Dismissal is appropriate only if, accepting as true all the facts alleged in the complaint, a plaintiff has not pleaded "enough facts to state a claim to relief that is plausible on its face, " Twombly, 550 U.S. at 570, meaning enough factual allegations "to raise a reasonable expectation that discovery will reveal evidence of'" each necessary element. Phillips v. Cnty of Allegheny, 515 F.3d 224, 234 (3d Cir. 2008) (quoting Twombly, 550 U.S. at 556). "The plausibility standard is not akin to a probability requirement, ' but it asks for more than a sheer possibility that a defendant has acted unlawfully." Iqbal, 556 U.S. at 678. "When there are well-pleaded factual allegations, a court should assume their veracity and then determine whether they plausibly give rise to an entitlement to relief." Id. at 679.
In deciding a motion to dismiss, the Court should consider the complaint, exhibits attached to the complaint, and matters of public record. Mayer v. Belichick, 605 F.3d 223, 230 (3d Cir. 2010) (citing Pension Benefit Guar. Corp. v. White Consol. Indus., Inc., 998 F.2d 1192, 1196 (3d Cir. 1993)). The Court may also consider "undisputedly authentic" documents when the plaintiff's claims are based on the documents and the defendant has attached copies of the documents to the motion to dismiss. Pension Benefit Guar., 998 F.2d at 1196.
On November 21, 2014, Magistrate Judge Carlson issued the R & R (Doc. 19). He recommended that Defendants' Motion to Dismiss the Complaint for failure to state a claim pursuant to Federal Rule of Civil Procedure 12(b)(6) be granted, and Plaintiff's Motion to amend the complaint be denied. The magistrate judge found that Plaintiff's claims are barred by his prior settlement agreement. (Doc. 19, 9.) Furthermore, he found that because Plaintiff had "previously expressly agreed" that he would bring not such claims, Plaintiff's Motion to Amend would be denied. Id.
A. Motion to Dismiss
In his Objection to the R & R, the plaintiff asserts that "[c]ontrary to Defendants' allegations in their Motion to Dismiss, plaintiff did not at no time stipulate abandoning his claims under Bivens. " (Doc. 21, 2.) Plaintiff asserts that the stipulation he signed was for the purposes of claims only under the Federal Tort Claims Act, and did not cover claims brought under Bivens v. Six Unknown Named Agents of Fed. Bureau of Narcotics, 403 U.S. 388 (1971). Under Bivens, a plaintiff may seek damages against agents of the federal government who act unlawfully as they carry out their duties. Id. Plaintiff objects to the magistrate judge's finding that the release he signed was extensive in scope. Plaintiff argues that the release was ambiguous to him as a pro se litigant, and so should only cover claims brought under the Federal Tort Claims Act. Plaintiff attaches to his objections a copy of the "Stipulation for Compromise Settlement and Release of Plaintiff's Claims pursuant to 28 USC § 2677, " the document parties signed. (Doc. 21, 8.)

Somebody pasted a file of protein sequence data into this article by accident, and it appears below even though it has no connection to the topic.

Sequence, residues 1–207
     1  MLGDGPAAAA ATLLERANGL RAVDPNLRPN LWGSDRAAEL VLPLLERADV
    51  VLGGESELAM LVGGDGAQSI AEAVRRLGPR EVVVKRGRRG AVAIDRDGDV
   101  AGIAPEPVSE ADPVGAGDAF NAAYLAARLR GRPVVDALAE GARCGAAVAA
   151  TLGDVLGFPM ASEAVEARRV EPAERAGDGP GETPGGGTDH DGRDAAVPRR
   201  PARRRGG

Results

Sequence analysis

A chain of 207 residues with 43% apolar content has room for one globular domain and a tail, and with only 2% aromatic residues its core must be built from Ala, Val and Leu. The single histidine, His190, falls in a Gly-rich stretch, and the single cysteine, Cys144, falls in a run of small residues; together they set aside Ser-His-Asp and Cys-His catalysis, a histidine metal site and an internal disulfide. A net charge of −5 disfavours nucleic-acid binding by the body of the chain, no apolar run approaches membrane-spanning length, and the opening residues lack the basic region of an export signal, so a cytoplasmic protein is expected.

In particular, Plaintiff points to Section Five (5) of the agreement, which states that "This settlement is entered into by all parties for the purpose of compromising disputed claims under the Federal Tort Claims Act and avoiding the expenses and risks of further litigation." (Doc. 21, 10.)
However, in reading the document as a whole, it is clear that it unambiguously refers to any claim arising out of the food poisoning incident. The first paragraph states that the parties "agree to settle and compromise each and every claim of any kind, whether known or unknown, arising directly or indirectly from the acts or omissions that gave rise to the above-captioned action." (Doc. 21, 8.) This very clearly covers any action arising from the food poisoning incident at USP-Canaan.
While Plaintiff is a pro se litigant, the contract is a short and straightforward document, written in clear, plain English. Given that he signed this document, Plaintiff has not stated a claim that could plausibly entitle him to relief, even if accepting as true all facts alleged in the complaint, as required by Fed.R.Civ.P. 12(b)(6). Because Plaintiff has stated a claim that is precluded by the stipulation he signed, he has not stated a claim upon which relief may be granted, so I adopt the recommendation of the magistrate judge and grant the Defendants' Motion to Dismiss pursuant to Fed.R.Civ.P. 12(b)(6) (Doc. 11).
B. Motion to Amend Complaint
Plaintiff contends that because his action should not be dismissed, his Motion to Amend Complaint should be granted to allow him to include the specific identities of individual defendants. However, given that I adopt the Magistrate Judge's recommendation to dismiss Plaintiff's complaint because it is barred by the stipulation he signed, I also adopt the Magistrate Judge's recommendation to deny Plaintiff's Motion to Amend. A plaintiff whose complaint is dismissed for failure to state a claim upon which relief can be granted must be given leave to amend, unless it would be inequitable or futile. Grayson v. Mayview State Hosp., 293 F.3d 103, 108 (3d Cir. 2002). In this instance, it would be futile for Plaintiff to amend his complaint in this way, as any claim that arises out of the spoiled chicken incident is precluded.
For the above reasons, the R & R (Doc. 19) will be adopted. Defendants' Motion to Dismiss (Doc. 11) for failure to state a claim will be granted. Plaintiff's Complaint (Doc. 1) will be dismissed. Plaintiff's Motion to Amend Complaint (Doc. 16) will be denied. An appropriate order follows.